I’ve never been a Superman guy. I think that started when he reversed the rotation of the earth to save Lois Lane. It just seemed sooo…lame. My logic was simple: if a superhero is so strong that he can (one) stop the earth’s movement, and (two) PUSH IT BACK in the opposite direction, who can beat him? For me, buying into Superman was like randomly deciding that I was a Cowboys fan who never lived in Texas, or a Yankees fan who had never traveled west of the Mississippi. Superman fandom felt like “front-runnerism” — i.e. “I’ve picked the best one, so the rest of you can just have Batman and Hulk, or the Bengals. They’re all cute, but they can’t beat my guy/team.” I know, there’s that kryptonite thing, the messianic “thorn in the flesh” so to speak. Last I checked, though, it could slow down the man-of-steel, but it couldn’t kill him. DC Comics, to their credit, have explored numerous ways to humanize Superman, and even kill him. I’ve just never bought in, perhaps because he has always been so “moral” and “squeaky clean” and “oh, I can’t kill anyone, that would be wrong.” I just don’t relate to the dude.

Mild Logan spoilers below —

Don’t get me wrong, though; I love a good messianic allegory as much as the next person, and what’s a better blueprint for that than someone coming from another world, outside of humanity, to save us? Superman fits that bill in spades. I’m just not feeling the guy as a Jesus example/metaphor/allegory/type. Perhaps it’s because I’ve never seen Superman as someone who could not regard “equality with God as a thing to be grasped” (Phil 2:6). He played the awe-shucks Clark Kent role well, but all of that felt like a moral, goofy Roy Rogers savior to me — confident, but not compelling.

So, in keeping with my fondness for messianic imagery, but without all of the moralistic, two-dimensional, indestructible silliness, I give you Wolverine. The new film, Logan, which came out this past Friday, just flat scratched my “give me a story about a savior that I can relate to” itch, and then some. The arguable star of the X-Men films, Hugh Jackman’s Logan/Wolverine, in his third (and final?) self-titled film, gives us a very reluctant, very grouchy, very unbreakable/yet very broken picture of what being fully human and fully (almost) indestructible looks like.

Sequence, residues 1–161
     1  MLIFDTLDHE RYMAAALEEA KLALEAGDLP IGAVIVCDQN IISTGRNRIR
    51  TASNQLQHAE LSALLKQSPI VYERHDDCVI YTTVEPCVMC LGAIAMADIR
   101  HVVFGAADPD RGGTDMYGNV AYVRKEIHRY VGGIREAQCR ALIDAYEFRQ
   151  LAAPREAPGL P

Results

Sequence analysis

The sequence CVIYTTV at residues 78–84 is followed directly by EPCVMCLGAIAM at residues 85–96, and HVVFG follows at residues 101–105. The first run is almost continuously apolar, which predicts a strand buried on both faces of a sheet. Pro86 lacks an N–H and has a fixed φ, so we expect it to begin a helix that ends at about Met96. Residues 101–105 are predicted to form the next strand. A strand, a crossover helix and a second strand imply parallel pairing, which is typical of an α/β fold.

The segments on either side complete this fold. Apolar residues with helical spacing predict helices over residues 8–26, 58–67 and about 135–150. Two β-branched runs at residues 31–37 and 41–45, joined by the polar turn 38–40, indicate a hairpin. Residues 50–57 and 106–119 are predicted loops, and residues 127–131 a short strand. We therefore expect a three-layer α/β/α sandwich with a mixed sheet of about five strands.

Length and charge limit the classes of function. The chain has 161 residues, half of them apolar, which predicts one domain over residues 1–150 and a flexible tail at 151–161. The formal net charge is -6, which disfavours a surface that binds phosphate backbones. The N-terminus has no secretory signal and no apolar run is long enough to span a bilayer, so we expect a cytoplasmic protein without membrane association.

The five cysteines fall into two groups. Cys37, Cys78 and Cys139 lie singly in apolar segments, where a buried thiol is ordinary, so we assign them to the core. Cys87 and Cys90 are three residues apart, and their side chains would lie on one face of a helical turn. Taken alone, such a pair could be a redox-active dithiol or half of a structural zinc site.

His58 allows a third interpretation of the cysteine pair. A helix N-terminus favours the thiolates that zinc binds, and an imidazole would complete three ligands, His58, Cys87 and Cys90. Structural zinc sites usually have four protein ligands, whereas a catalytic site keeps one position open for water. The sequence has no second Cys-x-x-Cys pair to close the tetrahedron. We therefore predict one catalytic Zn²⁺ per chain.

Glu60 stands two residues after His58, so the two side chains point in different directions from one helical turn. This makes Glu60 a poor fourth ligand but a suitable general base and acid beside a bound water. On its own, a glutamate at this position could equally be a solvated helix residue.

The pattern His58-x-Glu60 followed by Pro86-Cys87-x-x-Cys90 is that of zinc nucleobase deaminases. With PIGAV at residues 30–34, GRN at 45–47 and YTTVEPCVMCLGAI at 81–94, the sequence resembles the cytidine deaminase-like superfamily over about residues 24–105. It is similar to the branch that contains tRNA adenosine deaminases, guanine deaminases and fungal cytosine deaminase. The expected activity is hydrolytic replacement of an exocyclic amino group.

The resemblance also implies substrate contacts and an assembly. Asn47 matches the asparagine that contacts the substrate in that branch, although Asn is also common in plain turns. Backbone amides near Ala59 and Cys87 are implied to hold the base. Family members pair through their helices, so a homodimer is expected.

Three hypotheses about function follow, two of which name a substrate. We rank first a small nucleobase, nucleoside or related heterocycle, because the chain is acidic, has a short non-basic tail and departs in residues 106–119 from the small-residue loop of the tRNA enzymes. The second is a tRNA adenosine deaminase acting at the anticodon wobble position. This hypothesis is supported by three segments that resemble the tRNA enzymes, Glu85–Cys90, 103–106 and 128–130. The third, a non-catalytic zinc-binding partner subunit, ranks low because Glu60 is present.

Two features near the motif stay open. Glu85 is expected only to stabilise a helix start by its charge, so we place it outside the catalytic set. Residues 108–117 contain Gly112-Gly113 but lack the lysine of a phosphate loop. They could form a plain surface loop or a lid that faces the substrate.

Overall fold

As the film begins, in the year 2029, Logan and Professor X (Patrick Stewart) are mere shells of themselves (and they are the only traceable living remnants of the X-men we know from the films). Logan is living out his days on the Tex-Mex border, secretly caring for the ailing Charles Xavier (Professor X), the only person alive who has shown Logan genuine friendship and affection. Logan, as intensely surly and private as ever, just wants to make enough money as a limo driver to buy a boat so that he and Charles can sail out to sea, literally, into the sunset. Both of them (as level 4/5 X-men) have been, from their vantage point, far more responsible for innocent deaths and collateral damage than multiple lifetimes of repentance can appease.